So, last night, Nintendo pulled the plug on its Miiverse social network. This means I just lost a convenient method to take screenshots of Wii U games. Not only that, I also lost the only method I had to take screenshots of the video feed on the Wii U Gamepad.* I hope the screenshots I’ve saved so far are enough to illustrate any future writing!
Of course, we could ask why players ever needed to connect to a social network to take screenshots of a game in the first place. (Certainly, the ever-reliable twelve seconds required to reach the Miiverse servers was never welcome.)
But, in honor of its passing, let’s cut the Miiverse some slack. The Wii U was, after all, the first console to launch with a built-in screenshot taking mechanism, catching up to Steam’s well-worn “F12” key. And it remained, up until last night, admirably responsive. Despite the network-induced downtime, you were still guaranteed to capture the exact frame up on the screen when your thumb hit the “home” button, with none of the guesswork-inducing delay of the PlayStation 4’s “share” function.
That’s not the only feature the Wii U sported that was demonstrably superior to those of its competitors. It gave the world the first web browser for a home console that didn’t completely suck. To this day, I still curse the Steam and PS4 browsers for not auto-filling your browser search bar with the game you have suspended, a cherished Wii U feature. And the notion that strategy tips posted on Miiverse would transform every game on the console into a pseudo Souls-like was intriguing, even if never got implemented beyond a few choice first-party titles like Super Mario 3D World.
Ah, and now I’m getting all misty-eyed. I missed a prime moment to post a retrospective on the Wii U console, back in March when the Switch launched. But the Miiverse’s death seems like a worthy milestone, so let’s commemorate.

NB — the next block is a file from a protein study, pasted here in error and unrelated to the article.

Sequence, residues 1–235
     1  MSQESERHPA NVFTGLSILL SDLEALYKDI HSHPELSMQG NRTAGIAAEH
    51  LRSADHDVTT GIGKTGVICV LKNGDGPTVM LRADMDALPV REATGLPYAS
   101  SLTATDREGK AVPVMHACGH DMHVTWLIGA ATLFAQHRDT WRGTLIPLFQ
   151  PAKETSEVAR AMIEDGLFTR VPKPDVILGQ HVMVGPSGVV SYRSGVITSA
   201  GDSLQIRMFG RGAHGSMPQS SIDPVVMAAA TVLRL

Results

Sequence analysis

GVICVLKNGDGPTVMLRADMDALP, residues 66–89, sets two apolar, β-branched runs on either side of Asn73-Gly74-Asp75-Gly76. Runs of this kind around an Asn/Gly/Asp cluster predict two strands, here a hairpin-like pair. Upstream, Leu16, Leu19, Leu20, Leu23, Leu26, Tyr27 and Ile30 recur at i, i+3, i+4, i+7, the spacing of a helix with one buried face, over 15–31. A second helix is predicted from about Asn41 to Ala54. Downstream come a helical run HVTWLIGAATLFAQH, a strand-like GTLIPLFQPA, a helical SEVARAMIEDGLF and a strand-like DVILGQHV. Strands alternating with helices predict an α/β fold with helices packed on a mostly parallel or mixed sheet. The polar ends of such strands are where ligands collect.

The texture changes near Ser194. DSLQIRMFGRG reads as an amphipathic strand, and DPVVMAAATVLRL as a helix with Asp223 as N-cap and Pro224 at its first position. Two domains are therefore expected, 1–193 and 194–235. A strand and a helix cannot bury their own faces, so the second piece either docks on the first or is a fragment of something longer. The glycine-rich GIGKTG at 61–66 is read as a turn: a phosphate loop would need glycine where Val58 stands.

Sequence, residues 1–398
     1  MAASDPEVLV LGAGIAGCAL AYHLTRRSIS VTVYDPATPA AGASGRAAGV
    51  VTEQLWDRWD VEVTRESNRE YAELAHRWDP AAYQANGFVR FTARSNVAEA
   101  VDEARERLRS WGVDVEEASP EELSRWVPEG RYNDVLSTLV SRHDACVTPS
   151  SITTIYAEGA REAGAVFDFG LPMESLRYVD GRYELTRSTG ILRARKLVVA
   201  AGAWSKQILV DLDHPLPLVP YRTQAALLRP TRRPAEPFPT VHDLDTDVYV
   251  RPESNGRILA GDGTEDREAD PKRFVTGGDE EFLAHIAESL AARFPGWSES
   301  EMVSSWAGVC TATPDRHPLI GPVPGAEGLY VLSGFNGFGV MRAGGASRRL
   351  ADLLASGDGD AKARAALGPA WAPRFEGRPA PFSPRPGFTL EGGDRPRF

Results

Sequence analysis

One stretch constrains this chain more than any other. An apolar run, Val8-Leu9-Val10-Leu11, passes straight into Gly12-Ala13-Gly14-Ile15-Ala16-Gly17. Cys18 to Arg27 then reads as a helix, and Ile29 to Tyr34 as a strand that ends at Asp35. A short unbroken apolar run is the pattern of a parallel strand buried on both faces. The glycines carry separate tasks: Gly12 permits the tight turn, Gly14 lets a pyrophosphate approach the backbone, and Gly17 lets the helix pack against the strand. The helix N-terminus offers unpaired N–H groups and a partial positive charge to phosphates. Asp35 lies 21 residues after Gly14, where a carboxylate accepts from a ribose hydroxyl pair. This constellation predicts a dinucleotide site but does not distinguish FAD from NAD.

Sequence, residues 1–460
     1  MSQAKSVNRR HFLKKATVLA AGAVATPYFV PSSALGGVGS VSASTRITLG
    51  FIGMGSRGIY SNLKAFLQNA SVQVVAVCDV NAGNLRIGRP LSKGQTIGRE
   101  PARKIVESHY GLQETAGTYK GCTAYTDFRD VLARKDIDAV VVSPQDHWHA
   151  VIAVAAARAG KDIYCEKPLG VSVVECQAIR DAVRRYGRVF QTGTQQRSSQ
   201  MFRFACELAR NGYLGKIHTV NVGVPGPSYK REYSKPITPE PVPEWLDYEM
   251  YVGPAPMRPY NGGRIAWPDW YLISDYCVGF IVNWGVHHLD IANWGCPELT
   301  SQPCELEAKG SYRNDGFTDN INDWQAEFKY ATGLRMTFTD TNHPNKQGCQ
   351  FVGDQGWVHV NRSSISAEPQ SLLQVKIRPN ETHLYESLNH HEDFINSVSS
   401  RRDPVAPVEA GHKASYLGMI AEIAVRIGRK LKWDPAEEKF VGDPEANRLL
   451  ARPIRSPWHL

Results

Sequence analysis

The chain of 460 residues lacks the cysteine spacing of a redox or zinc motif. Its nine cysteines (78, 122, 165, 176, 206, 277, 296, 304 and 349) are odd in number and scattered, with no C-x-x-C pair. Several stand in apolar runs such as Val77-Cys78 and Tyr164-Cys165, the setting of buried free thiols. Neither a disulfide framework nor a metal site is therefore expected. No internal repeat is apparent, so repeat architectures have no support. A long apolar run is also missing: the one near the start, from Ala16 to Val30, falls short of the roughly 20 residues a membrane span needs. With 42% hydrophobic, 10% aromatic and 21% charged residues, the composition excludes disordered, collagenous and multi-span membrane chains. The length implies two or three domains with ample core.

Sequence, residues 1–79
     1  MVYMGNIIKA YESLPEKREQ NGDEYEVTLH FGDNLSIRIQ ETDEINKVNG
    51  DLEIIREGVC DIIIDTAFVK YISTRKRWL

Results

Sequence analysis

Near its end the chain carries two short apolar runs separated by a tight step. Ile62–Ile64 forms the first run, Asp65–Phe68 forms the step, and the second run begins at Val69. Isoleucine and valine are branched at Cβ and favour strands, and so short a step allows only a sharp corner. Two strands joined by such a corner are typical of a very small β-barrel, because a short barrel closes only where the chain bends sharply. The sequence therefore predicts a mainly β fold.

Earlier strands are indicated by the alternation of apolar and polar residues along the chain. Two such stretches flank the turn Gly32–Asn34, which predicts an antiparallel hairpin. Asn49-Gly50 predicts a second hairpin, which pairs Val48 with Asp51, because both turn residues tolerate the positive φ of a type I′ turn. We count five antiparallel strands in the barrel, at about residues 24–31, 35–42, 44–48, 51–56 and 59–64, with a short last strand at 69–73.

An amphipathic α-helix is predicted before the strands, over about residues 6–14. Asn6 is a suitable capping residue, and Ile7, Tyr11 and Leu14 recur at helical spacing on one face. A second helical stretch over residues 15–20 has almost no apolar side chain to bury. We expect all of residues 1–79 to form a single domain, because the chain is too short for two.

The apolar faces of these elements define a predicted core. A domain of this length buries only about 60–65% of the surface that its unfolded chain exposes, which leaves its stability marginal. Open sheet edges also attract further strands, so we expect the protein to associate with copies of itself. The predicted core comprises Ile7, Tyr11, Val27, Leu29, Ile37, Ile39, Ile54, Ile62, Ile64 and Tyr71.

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A couple years back, I wrote a dissertation on Heidegger and videogames. This was, from the outset, a contradictory endeavor. Heidegger would not have liked videogames.
Already in his lifetime, Heidegger did not like the cultural changes brought about by newly emerging digital technologies. “Cybernetics transforms language into an exchange of news,” he wrote in 1972, the very year Nolan Bushnell debuted Pong. “The arts become regulated-regulating instruments of information.”[i]
Moreover, Heidegger wasn’t big on moving-image culture, in general. He had no particular love for the cinema, which he saw as sapping our sense of the wondrous (das Er-Staunen, Heidegger’s translation of the Greek θαυμαστόν) in lived experience. “We might think in passing of all the extraordinary things the cinema must offer continually,” he writes, “what is new every day and never happened before becomes something habitual and always the same.” The uncommon acquires an “insidious habituality.” Genuine wondrousness is supplanted by manufactured spectacle.[ii]
In titling this category, I fought against a perverse desire for maximal irony: I didn’t call it “wondrousness.” I wanted to, though. Absent the burden of context, “wonder” is precisely the word I would use to describe the feeling these games provoke in me.
I chickened out, though. I went with the word “delight,” instead.
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This week, finishing off our run of cats exclusive to Nintendo platforms, I turn to Tokyo Mirage Sessions ♯FE (Atlus, 2015). It’s a game about J-Pop stars using the powers of the performing arts to battle monsters and shake the residents of Tokyo out of their collective ennui, thereby saving them from certain doom. Obviously, it goes without saying that it is one of the most delightful games I have ever played. The cherry on top is that it has a great scene with a great cat, Little Devil.
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